Fayetteville Policies and Procedures 317.1
Lobbying Activity, Certification and Reporting Related to Federal Grants, Contracts, and Cooperative Agreements
The original PDF version of this policy is linked from the revised date below.
Federal law  prohibits recipients of federal funds, whether through grants, contracts, or cooperative agreements, from using those funds to influence or attempt to influence (lobby) a federal official  in connection with obtaining, extending or modifying any federal contract, grant, loan, or cooperative agreement.
Further, as detailed below, federal law requires that applicants for federal funds certify:
- that they abide by the above restriction;
- that they disclose any permissible (non-federal) paid lobbying on the Federal Awards being applied for; and
- that such certification requirements will also be included in any subawards meeting the applicable thresholds.
It is the policy of the University that no federally appropriated funds will be expended, by or on behalf of the University, to lobby any federal official in connection with a federal award, and to comply with all certification and disclosure requirements regarding lobbying on federal awards. This policy summarizes certain key requirements and outlines the procedures that the University has established to maintain compliance with those requirements.
Restrictions on Lobbying by Employees
University employees are prohibited from lobbying any federal official in connection with a federal award while drawing pay from federally appropriated funds. University employees are also prohibited from utilizing federally appropriated funds for travel to engage in lobbying of any federal official in connection with a federal award. General background information relating to a proposal, such as the timing relating to funding decisions, and ordinary exchanges relating to the progress or status of work may be exchanged. Similarly, individuals may discuss the details and progress of research projects going on at the University or within a School or Department. However, advocacy in support of a particular proposal (including pending or new proposals) is not permitted.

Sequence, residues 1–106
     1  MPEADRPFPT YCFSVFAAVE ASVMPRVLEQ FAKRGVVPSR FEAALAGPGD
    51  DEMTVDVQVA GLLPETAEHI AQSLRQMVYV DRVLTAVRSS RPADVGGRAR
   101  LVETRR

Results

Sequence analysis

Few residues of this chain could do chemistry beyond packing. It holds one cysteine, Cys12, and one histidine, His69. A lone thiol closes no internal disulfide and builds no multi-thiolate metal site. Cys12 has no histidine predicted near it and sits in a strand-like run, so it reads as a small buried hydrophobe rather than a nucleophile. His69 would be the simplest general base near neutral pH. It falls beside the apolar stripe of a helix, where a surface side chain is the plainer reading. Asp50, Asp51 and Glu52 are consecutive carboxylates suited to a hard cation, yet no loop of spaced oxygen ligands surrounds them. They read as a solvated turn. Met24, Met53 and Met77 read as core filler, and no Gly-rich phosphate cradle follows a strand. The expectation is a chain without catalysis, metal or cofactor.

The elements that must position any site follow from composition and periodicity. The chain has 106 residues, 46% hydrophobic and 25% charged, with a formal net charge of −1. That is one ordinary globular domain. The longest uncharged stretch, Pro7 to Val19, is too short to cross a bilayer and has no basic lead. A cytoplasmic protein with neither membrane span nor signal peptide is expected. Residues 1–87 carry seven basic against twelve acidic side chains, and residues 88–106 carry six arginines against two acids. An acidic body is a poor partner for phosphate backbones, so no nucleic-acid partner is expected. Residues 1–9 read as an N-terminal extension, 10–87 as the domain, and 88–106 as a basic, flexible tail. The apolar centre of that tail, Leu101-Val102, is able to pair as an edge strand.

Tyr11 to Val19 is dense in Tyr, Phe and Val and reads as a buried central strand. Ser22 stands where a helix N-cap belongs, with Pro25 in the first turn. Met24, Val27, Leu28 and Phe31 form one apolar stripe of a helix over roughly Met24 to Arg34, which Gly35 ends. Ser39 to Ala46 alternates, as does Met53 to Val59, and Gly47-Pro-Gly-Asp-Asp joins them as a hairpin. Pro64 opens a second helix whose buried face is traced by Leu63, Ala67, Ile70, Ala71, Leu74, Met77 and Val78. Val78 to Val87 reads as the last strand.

Disclosures of Paid Lobbying
As detailed below, if any funds other than federally appropriated funds have or will be used to pay for lobbying of a federal official in connection with a specific federal award by an individual or entity not regularly employed by the University, an appropriate disclosure form (see below) shall be submitted with the proposal for such award (or upon receipt of the award if the disclosure report was not submitted with the application), and thereafter at the end of each calendar quarter in which there occurs any event requiring disclosure or affecting the accuracy of the information contained in any previously filed disclosure. No disclosure is necessary for lobbying conducted by regularly employed individuals  at the University who are not otherwise prohibited from lobbying.
Approval to Hire Third Party Lobbyists
Hiring of paid lobbyists must be approved through the Office of Government Relations.
Penalties for Non-Compliance
Penalties under federal law for violating 31 U.S.C. § 1352 could include fines of not less than $10,000 and not more than $100,000 per violation and any other remedies, including loss of the particular award and/or suspension or debarment as an institution from further federal funding. Any university employee who violates this policy may be subject to appropriate disciplinary action, up to and including termination.